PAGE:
A recent New York Times Fixes column about promising social change initiatives highlighted the story Blue Engine, an initiative in New York City schools that has a new model to boost the rates of high school students getting into college. Instead of going with the tide of reformers focusing on individual teacher accountability and pay for performance, Blue Engine has pursued a different model, focusing on supporting teachers more fully and the approach has delivered very positive results. An interesting story, but here was the part of the article that caught my attention:
Blue Engine was born in the wake of a disappointing eight-year educational intervention led by its founder, Nick Ehrmann. And it shows. There is a refreshing humility baked into its model — particularly in the core idea that teachers need lots more support than they are given to do what they are expected to do.
The column goes on to describe how in his first attempt at innovating in education, after six years, he found that the hundreds of thousands of dollars his non-profit had invested “had not had a shred of impact on academic achievement.”
I appreciate the idea of humility being baked into his model. I can relate to Ehrmann’s experience of having passion for a solution and charging in to make change happen. I have seen more examples than I would like of a non-profit, foundation, and/or social entrepreneur coming in from the outside with ideas on how to fix a problem, i.e., intervene in a system to improve its outcomes. How common it is to jump in without really understanding the system one is trying to change, without engaging deeply with those who live and work in the system or are impacted by it, and without understanding the crowded landscape of other players already working in the same space. Each non-profit and/or the funders who invest in them work to prove that their way works – having a sense of humility that your answer may well be wrong is not something that is encouraged.
I have recently been working with the Garfield Foundation and their Collaborative Network Initiative to develop a field guide on how to develop collaborative networks to change systems. A core part of Garfield’s process, which they used in the RE-AMP Network, is to invest time developing a robust shared understanding of the system you are working to change, using systems mapping. In a recent interview for this project with Jim Ritchie-Dunham, who did systems mapping for the Energy Action Network of Vermont, he said:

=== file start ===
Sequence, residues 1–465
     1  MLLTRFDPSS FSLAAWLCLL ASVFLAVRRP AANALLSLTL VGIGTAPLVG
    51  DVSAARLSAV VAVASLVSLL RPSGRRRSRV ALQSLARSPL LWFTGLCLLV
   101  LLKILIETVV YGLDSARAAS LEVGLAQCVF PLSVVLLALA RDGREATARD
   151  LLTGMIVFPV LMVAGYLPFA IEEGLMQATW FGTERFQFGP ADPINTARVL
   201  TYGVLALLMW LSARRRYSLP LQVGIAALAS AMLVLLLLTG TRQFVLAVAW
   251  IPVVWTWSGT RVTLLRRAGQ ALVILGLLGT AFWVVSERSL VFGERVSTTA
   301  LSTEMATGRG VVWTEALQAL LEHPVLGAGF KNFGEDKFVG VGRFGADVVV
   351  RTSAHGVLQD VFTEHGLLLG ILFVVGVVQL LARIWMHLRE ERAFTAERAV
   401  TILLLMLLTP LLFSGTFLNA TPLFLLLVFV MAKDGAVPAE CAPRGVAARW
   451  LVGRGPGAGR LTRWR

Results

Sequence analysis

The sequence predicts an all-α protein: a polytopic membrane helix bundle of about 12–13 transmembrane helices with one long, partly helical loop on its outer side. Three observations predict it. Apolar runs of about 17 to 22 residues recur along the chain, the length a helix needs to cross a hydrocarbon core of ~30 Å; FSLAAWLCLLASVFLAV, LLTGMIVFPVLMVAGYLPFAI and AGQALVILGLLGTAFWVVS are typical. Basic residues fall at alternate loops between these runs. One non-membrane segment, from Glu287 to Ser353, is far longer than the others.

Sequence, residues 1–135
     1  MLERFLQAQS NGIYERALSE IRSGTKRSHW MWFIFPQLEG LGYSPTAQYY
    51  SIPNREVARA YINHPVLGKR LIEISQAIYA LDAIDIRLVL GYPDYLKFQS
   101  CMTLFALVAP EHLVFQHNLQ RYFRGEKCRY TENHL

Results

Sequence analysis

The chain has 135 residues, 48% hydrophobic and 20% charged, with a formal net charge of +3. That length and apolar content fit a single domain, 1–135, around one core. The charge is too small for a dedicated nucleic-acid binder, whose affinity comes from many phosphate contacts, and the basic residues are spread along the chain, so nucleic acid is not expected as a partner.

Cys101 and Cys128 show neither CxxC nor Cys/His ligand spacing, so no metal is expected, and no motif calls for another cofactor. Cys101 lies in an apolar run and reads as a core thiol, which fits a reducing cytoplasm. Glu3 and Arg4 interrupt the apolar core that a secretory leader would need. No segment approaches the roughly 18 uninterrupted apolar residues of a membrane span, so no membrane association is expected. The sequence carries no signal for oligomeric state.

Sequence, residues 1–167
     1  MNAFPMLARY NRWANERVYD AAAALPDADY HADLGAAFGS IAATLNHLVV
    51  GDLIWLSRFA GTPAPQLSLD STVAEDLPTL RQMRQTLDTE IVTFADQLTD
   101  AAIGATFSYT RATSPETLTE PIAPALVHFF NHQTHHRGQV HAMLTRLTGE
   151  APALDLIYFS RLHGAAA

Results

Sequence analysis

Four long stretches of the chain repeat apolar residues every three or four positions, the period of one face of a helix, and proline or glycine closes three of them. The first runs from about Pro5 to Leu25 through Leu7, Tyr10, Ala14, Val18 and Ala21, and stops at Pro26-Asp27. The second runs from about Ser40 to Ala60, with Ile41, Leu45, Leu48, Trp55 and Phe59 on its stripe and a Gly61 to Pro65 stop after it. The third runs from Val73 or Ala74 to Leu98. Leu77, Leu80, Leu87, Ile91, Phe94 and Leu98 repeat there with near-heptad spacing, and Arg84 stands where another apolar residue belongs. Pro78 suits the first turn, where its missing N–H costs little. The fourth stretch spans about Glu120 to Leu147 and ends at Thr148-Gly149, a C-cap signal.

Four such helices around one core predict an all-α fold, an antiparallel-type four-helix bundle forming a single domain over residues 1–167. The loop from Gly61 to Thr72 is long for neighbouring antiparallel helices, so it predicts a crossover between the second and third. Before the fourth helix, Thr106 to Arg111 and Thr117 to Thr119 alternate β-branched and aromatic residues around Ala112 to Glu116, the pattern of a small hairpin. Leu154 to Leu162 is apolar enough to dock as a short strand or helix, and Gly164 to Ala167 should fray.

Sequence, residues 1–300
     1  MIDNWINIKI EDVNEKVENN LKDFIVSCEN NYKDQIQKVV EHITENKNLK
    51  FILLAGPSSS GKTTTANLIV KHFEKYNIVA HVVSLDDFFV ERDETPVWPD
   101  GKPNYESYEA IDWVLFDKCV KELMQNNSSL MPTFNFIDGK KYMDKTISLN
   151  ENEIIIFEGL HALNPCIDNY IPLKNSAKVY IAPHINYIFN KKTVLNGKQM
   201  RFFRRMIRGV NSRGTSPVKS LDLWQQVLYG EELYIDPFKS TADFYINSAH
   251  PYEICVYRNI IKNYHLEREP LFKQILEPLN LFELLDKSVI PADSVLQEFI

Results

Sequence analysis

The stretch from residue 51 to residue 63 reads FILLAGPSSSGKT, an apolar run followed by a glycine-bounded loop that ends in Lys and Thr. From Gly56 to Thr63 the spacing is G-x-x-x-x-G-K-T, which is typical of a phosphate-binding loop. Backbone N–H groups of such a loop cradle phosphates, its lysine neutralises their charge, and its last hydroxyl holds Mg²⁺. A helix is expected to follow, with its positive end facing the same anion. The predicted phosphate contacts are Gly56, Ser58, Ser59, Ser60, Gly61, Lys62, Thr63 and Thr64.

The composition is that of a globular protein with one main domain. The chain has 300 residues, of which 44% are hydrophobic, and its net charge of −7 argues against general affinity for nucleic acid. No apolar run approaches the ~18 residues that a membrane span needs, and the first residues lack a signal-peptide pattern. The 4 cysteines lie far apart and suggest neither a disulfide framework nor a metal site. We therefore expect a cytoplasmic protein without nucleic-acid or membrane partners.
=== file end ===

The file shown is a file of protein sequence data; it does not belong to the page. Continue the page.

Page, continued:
Our approach to mapping looks at “what is the behavior we want to change and what are core dynamics that influence that?” It’s an acknowledgement that some people have a better understanding of how things work than others (i.e., their mental model corresponds better with how things actually work). Everyone has an opinion about how things work, but most people’s mental models are wrong. Is it possible to find people whose story corresponds carefully with what is actually happening. The art of this is to find models that correspond with reality and piece them together in a way that describes the dynamic we are observing today and how to shift those interactions to achieve a different behavior.”
If most of our mental models are wrong, this brings us back to the need to approach all of these initiatives with humility, going in with a hypothesis that we are open to changing. In another interview with Eugene Kim, a network/collaboration consultant, I noticed that he often said “my hypothesis is…” or “the hypothesis we are going to test is…” often followed by “I’m not sure if that will turn out to be right.” I found this a refreshing quality – he expressed it with a spirit of curiosity and openness to what could be learned (not a fixed promotion of his opinion or sureness he was right.)
This quality of humility is one we can personally cultivate and instill in the culture of our networks and organizations. It ultimately enables us to learn and adapt more readily when things do not work out as we planned (as they will often do.) In the tech world, a culture that tolerates failure has become rooted and it is common to “pivot” when an initial idea does not work and one reinvents the model. In the Blue Engine example, the entrepreneur’s ability to pivot after a failure, and then with newfound humility, come up with a new model, led to a much greater impact.